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Malaysia's government and British satellite firm Inmarsat on Tuesday released the data used to determine the path of missing Malaysia Airlines flight MH370, responding to mounting calls from passengers' relatives for greater transparency.
The data from satellite communications with the plane, which runs to 47 pages in a report prepared by Inmarsat, features hourly "handshakes" - or network log-on confirmations - after the aircraft disappeared from civilian radar screens on March 8.
Families of passengers are hoping that opening up the data to analysis by a wider range of experts can help verify the plane's last location, nearly three months after the Boeing 777 with 239 passengers and crew disappeared.
The data's release had become a rallying cry for many of the families, who have accused the Malaysian government of holding back information.
"When we first asked for the data it was more than two months ago. I never dreamed it would be such an obstacle to overcome," Sarah Bajc, the American partner of a passenger, told Reuters from Beijing.
Based on Inmarsat's and other investigators' analysis of the data, the aircraft is believed to have gone down in the Indian Ocean, off western Australia.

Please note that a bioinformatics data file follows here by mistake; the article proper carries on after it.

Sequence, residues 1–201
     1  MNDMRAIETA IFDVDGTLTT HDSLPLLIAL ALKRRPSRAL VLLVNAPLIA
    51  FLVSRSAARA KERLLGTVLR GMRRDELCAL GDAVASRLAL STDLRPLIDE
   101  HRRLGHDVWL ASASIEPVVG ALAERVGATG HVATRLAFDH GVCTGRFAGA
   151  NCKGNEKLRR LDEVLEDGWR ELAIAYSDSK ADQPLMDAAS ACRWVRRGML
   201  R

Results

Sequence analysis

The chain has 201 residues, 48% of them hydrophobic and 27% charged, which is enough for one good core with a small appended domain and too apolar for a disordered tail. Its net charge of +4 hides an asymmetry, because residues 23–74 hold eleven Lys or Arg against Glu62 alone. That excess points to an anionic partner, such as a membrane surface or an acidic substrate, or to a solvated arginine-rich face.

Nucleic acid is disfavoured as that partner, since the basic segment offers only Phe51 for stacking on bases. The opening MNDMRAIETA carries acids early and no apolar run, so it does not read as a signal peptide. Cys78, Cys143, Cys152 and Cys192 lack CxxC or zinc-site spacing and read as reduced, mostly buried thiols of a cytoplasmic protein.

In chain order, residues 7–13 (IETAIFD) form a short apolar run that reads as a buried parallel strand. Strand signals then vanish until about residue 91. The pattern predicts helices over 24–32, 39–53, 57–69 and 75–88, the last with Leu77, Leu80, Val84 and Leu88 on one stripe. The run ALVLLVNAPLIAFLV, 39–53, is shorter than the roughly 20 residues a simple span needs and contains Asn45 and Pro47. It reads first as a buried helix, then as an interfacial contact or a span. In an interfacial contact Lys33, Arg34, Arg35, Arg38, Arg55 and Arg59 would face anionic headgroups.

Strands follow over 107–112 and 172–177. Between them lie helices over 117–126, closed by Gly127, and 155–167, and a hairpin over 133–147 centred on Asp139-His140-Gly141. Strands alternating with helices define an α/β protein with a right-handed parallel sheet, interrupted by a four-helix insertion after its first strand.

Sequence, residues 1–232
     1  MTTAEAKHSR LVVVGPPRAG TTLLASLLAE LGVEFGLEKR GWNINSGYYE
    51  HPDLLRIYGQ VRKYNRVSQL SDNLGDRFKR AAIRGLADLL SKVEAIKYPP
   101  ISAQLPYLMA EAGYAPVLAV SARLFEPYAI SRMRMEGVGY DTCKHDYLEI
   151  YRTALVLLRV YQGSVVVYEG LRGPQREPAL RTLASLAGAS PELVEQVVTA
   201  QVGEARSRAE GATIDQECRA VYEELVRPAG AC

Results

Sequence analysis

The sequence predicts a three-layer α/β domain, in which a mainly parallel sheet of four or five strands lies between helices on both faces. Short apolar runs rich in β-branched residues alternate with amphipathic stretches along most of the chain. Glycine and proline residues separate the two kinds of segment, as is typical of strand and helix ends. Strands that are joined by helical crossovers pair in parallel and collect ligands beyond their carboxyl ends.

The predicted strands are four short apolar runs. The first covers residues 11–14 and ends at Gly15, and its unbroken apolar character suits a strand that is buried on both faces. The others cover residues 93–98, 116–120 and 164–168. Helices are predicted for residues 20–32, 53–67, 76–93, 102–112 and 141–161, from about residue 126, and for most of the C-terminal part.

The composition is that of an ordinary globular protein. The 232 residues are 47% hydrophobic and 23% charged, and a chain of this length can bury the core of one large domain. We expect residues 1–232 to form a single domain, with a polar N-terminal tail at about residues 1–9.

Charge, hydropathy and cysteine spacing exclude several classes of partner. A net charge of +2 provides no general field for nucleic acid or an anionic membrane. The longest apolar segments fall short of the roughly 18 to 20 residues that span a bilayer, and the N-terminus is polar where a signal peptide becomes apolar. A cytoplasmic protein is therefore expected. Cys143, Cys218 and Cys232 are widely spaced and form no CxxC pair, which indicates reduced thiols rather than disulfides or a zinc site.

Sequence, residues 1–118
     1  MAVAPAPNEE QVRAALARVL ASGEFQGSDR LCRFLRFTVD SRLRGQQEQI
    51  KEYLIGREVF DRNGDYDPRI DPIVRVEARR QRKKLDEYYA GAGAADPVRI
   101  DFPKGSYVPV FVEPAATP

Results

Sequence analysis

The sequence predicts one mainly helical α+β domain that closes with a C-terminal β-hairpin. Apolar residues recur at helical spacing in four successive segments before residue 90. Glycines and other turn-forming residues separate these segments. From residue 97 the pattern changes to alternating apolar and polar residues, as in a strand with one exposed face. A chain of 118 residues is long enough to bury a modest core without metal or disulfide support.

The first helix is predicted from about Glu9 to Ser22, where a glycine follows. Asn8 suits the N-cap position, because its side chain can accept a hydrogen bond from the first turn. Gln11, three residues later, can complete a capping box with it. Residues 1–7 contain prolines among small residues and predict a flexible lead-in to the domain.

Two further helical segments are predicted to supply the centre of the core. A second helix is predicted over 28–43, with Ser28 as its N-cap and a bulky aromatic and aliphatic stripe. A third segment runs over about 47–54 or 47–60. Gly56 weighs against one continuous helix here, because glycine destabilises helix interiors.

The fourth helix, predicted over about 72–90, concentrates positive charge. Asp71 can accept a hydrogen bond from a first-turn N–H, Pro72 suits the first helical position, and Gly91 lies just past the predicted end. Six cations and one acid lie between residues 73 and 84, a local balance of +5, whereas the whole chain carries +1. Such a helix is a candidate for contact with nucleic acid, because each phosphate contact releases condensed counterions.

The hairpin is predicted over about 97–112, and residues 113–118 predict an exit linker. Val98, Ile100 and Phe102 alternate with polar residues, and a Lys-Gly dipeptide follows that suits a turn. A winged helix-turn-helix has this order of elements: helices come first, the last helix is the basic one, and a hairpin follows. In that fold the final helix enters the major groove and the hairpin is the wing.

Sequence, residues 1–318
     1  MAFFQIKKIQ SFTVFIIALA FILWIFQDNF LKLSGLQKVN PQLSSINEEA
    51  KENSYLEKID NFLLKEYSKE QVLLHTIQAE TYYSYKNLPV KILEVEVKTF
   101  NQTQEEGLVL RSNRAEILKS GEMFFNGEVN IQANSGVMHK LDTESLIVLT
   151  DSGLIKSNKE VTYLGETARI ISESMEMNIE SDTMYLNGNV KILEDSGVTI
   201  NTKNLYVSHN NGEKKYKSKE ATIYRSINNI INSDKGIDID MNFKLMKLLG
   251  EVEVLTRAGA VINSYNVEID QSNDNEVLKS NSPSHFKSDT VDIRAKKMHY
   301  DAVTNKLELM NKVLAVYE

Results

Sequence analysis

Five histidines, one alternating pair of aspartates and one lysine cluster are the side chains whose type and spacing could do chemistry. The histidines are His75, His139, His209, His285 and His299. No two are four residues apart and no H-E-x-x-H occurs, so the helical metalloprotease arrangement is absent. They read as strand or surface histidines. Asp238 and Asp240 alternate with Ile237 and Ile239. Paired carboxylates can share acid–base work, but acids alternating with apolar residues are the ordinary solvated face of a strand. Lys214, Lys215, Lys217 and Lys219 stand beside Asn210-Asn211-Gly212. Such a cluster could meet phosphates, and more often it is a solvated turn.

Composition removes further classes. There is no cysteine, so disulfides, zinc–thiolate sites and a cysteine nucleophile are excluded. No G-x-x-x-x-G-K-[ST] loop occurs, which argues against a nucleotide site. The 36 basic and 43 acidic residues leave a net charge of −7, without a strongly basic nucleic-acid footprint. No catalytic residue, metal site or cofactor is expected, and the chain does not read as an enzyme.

Malaysian investigators suspect someone shut off MH370's data links making the plane impossible to track, but investigators have so far turned up nothing suspicious about the crew or passengers.
In the hours after the aircraft disappeared, an Inmarsat satellite picked up a handful of handshake "pings", indicating the plane continued flying for hours after leaving radar and helping narrow the search to an area of the Indian Ocean.
The dense technical data released on Tuesday details satellite communications from before MH370's take-off on a Saturday morning at 12:41 a.m. local time (1641 GMT) to a final, "partial handshake" transmitted by the plane at 8:19 a.m. (0019 GMT). The data includes a final transmission from the plane 8 seconds later, after which there was no further response.
The data also featured two "telephony calls" initiated from the ground at 1839 GMT and 2313 GMT that went unanswered by the plane.
Malaysian officials were not immediately available to answer questions on the data.
Bajc said experts on flight tracking who have been advising the families would now be able to analyse the data to see if the search area could be refined and determine if Inmarsat and other officials had missed anything.
But she complained the report released on